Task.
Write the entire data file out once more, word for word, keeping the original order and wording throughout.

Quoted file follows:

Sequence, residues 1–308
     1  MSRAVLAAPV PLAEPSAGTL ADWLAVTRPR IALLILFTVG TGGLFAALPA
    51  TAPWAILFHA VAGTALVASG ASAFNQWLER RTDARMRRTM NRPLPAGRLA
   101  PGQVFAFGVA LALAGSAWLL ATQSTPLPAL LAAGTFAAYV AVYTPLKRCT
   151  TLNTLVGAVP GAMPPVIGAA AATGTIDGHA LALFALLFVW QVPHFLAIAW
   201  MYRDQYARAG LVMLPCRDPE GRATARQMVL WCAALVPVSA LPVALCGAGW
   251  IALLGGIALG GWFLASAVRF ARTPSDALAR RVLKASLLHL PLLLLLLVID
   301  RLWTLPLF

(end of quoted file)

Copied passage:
Sequence, residues 1–308
     1  MSRAVLAAPV PLAEPSAGTL ADWLAVTRPR IALLILFTVG TGGLFAALPA
    51  TAPWAILFHA VAGTALVASG ASAFNQWLER RTDARMRRTM NRPLPAGRLA
   101  PGQVFAFGVA LALAGSAWLL ATQSTPLPAL LAAGTFAAYV AVYTPLKRCT
   151  TLNTLVGAVP GAMPPVIGAA AATGTIDGHA LALFALLFVW QVPHFLAIAW
   201  MYRDQYARAG LVMLPCRDPE GRATARQMVL WCAALVPVSA LPVALCGAGW
   251  IALLGGIALG GWFLASAVRF ARTPSDALAR RVLKASLLHL PLLLLLLVID
   301  RLWTLPLF